I think of chelation therapy as sort of fringe-y, so I was surprised to hear today that the National Institutes of Health has studied it as a possible treatment for heart disease. Chelation generally involves receiving intravenous infusions of compounds that bind with harmful substances like heavy metals to help remove them from your body, and some have speculated that chelation can remove the fatty deposits that line the arteries of people with atherosclerosis.
Researchers did a double-blind, placebo-controlled trial to see if there's any truth to the idea that chelation therapy can help the heart. More than 1700 people who'd previously had heart attacks received 40 IV infusions containing either the chelating agent disodium EDTA or a placebo. The results of the study were . . . inconclusive. The study subjects receiving chelation were slightly less likely to experience cardiovascular events (heart attacks, stroke, etc) than the control group (26% vs 30%). However, that's a tiny difference, and as the New York Times explains, it's possible that the control group did worse because the placebo they received contained small amounts of sugar that may have negatively impacted their blood sugar, or that the chelation group did better because of vitamin C and blood thinners that were also administered through their IVs, and not because of the chelating agents.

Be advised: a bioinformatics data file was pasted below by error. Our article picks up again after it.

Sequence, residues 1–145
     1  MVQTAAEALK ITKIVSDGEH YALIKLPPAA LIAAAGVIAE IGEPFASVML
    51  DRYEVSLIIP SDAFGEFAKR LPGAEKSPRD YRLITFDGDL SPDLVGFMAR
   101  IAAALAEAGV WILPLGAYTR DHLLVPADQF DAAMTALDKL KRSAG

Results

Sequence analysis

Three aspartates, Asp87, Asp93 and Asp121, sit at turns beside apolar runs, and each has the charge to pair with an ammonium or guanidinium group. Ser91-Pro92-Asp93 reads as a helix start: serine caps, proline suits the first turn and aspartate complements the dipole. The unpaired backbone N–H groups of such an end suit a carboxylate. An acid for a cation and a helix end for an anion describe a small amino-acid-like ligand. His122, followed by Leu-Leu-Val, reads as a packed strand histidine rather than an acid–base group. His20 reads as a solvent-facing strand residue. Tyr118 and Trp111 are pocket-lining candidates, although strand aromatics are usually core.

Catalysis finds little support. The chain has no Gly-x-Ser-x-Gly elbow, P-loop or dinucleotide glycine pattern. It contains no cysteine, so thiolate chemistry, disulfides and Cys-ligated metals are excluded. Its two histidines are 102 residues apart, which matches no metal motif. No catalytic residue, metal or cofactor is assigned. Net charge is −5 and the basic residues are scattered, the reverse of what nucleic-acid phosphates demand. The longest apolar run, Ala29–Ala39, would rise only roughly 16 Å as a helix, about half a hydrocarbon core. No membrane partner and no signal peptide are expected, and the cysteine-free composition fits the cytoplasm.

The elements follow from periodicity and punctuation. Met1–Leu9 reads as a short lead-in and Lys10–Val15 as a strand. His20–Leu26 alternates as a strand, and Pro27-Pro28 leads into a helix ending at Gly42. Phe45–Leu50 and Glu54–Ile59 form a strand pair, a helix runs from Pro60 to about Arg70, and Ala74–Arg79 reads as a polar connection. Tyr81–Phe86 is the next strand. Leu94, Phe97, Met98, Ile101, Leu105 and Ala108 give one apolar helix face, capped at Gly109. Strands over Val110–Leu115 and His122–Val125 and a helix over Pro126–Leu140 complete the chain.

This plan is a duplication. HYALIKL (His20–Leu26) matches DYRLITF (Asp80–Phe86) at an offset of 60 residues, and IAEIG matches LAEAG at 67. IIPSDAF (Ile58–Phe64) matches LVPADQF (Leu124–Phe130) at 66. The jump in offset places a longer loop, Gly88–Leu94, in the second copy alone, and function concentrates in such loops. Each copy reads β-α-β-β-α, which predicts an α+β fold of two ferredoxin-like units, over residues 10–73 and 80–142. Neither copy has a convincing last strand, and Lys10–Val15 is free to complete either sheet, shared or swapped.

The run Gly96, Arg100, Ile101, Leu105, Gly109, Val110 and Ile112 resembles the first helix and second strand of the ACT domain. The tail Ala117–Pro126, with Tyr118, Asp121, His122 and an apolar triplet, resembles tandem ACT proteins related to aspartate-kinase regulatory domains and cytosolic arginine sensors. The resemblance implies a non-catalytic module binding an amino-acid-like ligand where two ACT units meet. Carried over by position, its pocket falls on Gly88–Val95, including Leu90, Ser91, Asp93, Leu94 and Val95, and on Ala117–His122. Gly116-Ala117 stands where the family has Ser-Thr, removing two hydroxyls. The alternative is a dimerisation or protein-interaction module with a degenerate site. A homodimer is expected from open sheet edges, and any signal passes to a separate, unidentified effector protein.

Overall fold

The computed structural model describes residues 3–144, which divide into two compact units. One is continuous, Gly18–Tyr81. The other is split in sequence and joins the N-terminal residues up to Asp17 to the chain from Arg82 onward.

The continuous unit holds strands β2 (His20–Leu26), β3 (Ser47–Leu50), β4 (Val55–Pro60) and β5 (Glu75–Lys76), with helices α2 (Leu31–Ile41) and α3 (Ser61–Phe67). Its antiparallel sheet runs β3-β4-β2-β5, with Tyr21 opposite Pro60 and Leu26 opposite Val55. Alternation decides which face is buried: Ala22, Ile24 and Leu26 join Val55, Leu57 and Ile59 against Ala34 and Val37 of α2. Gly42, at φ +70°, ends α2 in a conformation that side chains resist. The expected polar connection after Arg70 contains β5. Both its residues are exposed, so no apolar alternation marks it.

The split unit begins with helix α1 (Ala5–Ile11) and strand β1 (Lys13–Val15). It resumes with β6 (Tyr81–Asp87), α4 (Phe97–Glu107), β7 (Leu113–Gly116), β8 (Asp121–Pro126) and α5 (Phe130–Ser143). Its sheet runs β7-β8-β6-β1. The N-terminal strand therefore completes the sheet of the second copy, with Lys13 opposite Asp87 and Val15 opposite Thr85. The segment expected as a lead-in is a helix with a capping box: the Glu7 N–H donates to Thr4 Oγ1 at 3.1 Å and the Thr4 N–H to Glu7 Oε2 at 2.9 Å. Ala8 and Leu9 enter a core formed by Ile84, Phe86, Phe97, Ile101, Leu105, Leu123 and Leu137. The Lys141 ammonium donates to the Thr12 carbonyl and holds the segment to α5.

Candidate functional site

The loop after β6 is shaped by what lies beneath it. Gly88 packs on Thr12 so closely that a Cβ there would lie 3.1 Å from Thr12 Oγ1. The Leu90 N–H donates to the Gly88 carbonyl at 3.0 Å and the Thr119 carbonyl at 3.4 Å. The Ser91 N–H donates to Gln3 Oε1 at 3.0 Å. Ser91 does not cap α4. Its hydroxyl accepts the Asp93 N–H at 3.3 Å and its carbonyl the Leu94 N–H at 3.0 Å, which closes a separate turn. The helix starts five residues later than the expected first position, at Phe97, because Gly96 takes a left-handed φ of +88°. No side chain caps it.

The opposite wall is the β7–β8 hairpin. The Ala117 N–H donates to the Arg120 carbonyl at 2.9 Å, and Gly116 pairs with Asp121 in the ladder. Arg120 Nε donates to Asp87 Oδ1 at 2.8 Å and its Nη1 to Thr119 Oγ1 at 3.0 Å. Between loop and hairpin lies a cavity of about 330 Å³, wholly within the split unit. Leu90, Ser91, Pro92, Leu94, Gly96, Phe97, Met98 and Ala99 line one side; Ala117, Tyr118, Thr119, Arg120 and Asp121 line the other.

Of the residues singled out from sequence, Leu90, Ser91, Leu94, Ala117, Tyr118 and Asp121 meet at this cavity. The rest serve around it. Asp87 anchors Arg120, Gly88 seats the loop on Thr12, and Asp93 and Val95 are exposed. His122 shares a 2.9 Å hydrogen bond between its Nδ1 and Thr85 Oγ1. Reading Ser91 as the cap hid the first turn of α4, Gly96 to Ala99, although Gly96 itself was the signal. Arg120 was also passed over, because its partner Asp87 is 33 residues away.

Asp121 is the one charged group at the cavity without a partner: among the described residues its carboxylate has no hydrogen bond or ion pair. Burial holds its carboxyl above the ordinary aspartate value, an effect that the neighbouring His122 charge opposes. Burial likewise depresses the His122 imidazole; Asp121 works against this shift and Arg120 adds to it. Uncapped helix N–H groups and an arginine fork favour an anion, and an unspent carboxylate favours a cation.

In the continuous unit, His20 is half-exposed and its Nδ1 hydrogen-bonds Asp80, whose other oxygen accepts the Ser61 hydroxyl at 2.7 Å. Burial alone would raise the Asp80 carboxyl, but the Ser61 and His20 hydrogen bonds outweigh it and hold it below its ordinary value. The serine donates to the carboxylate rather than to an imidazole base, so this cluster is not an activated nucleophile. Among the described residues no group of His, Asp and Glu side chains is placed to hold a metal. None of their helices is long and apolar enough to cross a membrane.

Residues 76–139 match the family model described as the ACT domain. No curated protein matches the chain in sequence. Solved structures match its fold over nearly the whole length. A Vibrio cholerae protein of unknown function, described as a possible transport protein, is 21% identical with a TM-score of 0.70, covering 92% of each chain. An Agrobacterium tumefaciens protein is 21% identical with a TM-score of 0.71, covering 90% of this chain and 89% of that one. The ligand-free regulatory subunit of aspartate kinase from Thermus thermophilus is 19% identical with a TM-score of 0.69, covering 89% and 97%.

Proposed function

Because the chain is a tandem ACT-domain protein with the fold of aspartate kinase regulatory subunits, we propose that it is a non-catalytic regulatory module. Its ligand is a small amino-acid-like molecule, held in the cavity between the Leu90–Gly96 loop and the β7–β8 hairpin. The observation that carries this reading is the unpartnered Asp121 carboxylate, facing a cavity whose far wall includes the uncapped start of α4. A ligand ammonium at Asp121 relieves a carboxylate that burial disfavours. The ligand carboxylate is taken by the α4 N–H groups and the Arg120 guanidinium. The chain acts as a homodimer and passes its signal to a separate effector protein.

So if you've suffered a heart attack or have been diagnosed with atherosclerosis, this isn't news you can use: don't go searching for a chelation therapist at this point. This is how the lead study author, Gervasio A. Lamas, M.D., chief of Columbia University Division of Cardiology at Mount Sinai Medical Center in Miami Beach, cautiously summed up the results of the research in a statement:
We have to look carefully at these unexpected results. Although not approved by the Food and Drug Administration for treating heart disease, chelation therapy has been used for over 50 years and has generally been believed by conventional medical practitioners and cardiologists to be without value. A definitive answer on chelation therapy will take much additional research. The most exciting part of this study is that there may be an unexpected signal of benefit. We need to understand whether the signal is true, or whether it occurred by chance."
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